Four weeks and counting

Tomorrow it will be exactly four weeks since we took delivery of our Nissan LEAF. It’s been a tremendous experience but what probably impresses me the most is how inexpensive it is to drive: almost 1,700 Km for less than $25. That’s about $1.50 per 100 Km!

For comparison, our Corolla would need 116 liters of gas to get this far, at a cost of $145. And our old Sienna, which we just sold last weekend, would need 181 liters, at a cost of $226. Since the Sienna was the car I was driving the most, that’s about $200 saved in a month!

However, some of these savings come from the fact that my employer IBM allows me to trickle charge at work. I do it for about 4 hours during the morning, in order to avoid the afternoon’s peak hours. That’s about enough to recoup the round trip to work. Without it, I estimate that my costs would likely be $2 per 100 Km, which is still very impressive.

Next week, I’m planning an adventure trip to Ogdensburg, NY to purchase a set of winter tires, and I’ll be driving the Leaf! Wait. Why are you going to the United States to buy snow tires? Simple. Because they are so much cheaper over there . I’ll be getting a set of four low rolling resistance MICHELIN, X-ICE XI2, 205/55R16 + rims. All balanced and installed for US$836. The tires are made in North America so there are no duties at the border, just the HST. After taxes, that’s $350 less than buying them here in Ottawa.

The next question is, how am I going to get that far and still have enough charge to come back? The round trip is tight: 167 Km in total. It might sound OK given the advertised 160 Km average range of the Leaf, but that’s for mostly city traffic and we’re talking highway here. Opposite to what we’re used to with gas-powered cars, the Leaf is less efficient on the highway than it is in the city. On the  highway, you spend a lot of energy to cut through the increasingly higher air resistance, while in the city you’re going much slower and taking a lot of advantage of regenerative breaking. I can drive 185 Km on a single charge in the city, but on the highway, even going 10 below speed limit, I can only drive 130 Km on a charge. So how am I going to get there?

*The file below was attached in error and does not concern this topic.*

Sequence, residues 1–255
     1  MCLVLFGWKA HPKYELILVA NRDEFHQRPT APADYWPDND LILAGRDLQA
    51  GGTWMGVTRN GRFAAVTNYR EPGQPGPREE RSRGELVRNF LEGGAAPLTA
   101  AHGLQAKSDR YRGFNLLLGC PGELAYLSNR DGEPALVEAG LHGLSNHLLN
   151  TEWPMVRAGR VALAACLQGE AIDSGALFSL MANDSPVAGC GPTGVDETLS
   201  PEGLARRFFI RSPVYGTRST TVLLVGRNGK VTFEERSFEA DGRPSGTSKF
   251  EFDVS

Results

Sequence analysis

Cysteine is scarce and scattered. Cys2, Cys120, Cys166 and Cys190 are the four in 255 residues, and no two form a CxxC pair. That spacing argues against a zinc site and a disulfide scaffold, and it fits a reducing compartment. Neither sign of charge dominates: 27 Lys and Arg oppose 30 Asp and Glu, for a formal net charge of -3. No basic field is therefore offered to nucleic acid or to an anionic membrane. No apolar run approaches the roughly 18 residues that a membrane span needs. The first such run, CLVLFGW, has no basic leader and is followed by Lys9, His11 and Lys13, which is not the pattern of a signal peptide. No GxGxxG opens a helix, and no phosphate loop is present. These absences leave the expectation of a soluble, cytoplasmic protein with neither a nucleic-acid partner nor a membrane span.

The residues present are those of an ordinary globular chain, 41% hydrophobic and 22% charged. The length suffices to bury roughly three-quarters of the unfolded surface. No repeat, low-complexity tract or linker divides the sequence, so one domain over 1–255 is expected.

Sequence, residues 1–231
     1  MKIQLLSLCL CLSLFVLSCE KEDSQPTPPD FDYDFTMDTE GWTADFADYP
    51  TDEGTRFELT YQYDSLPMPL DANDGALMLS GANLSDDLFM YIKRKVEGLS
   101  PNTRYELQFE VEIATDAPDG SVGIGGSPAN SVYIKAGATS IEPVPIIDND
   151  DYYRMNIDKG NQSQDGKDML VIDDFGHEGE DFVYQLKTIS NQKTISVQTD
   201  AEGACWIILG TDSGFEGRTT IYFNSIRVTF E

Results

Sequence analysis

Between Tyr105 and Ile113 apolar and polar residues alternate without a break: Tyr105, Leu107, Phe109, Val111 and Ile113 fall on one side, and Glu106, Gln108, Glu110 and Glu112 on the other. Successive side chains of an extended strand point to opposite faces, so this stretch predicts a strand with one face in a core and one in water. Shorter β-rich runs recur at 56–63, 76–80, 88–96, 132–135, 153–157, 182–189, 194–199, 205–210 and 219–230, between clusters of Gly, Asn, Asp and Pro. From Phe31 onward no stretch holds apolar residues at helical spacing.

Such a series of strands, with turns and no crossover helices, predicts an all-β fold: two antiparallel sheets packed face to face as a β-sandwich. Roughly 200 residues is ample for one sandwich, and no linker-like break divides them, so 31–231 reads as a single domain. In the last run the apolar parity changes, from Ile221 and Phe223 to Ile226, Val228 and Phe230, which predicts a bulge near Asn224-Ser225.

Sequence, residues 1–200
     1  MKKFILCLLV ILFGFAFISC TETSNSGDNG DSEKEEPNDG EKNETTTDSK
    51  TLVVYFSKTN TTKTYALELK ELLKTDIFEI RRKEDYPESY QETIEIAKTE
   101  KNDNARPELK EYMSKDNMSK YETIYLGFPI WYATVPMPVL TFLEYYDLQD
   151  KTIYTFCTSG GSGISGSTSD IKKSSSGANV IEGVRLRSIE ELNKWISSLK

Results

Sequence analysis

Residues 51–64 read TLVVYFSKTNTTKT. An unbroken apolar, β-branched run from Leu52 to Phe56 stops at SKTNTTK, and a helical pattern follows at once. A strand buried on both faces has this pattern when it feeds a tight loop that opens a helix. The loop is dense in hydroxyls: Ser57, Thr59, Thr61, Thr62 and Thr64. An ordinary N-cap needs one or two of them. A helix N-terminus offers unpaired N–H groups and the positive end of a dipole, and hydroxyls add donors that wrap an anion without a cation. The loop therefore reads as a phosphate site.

First, I won’t be taking the highway. Instead, I’ll be following some fairly pleasant country roads where I can average 70 Km/h. The distance is about the same and it’ll be a Saturday so I’ll have the time. Second, I’ll be driving in Eco mode, very conservatively. Third, the place where I’ll be installing the tires will let me trickle charge while the service is being performed, and a bit more if I need to. This should give me the extra range to get back home. And finally, to be extra safe, I contacted an old friend that lives in Kemptville, ON, 128 Km into the round trip and only 39 Km from home, and he’s more than happy to let me trickle charge at his house if I really need to. I already booked an appointment for next Saturday, Oct 29, so wish me luck!

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4 comments on “Four weeks and counting

  1. Congrats Ricardo, I’m willing to know about your “adventure” to the States, good luck, I’m pretty sure you will not have any problem to get there and come back safe home. I’m in my second week, 700km, with an excellent performance and range. By the way: have you checked what is the speed limit? I know this is not very legal since in Spain the max speed is 120 km/h, but (ok, i did it) I have realized that there is a limit at 159 km/h (althought the manual says the speed limit is 145 km/h). Have you tried it?

  2. Thanks, Joan. I’ll keep you posted about the trip.

    Speed limit here in Canada is 100 Km/h. If I drive like you drive in Spain, I’ll lose my license and go to jail! LOL The maximum I did was 130 Km/h. The Leaf is really quiet so it doesn’t feel like you’re going that fast.

    Now, 159 Km/h is really impressive. Not sure how you did it but that’s even faster than the Nismo (http://www.gizmag.com/nissan-leaf-nismo-rc/18420/).

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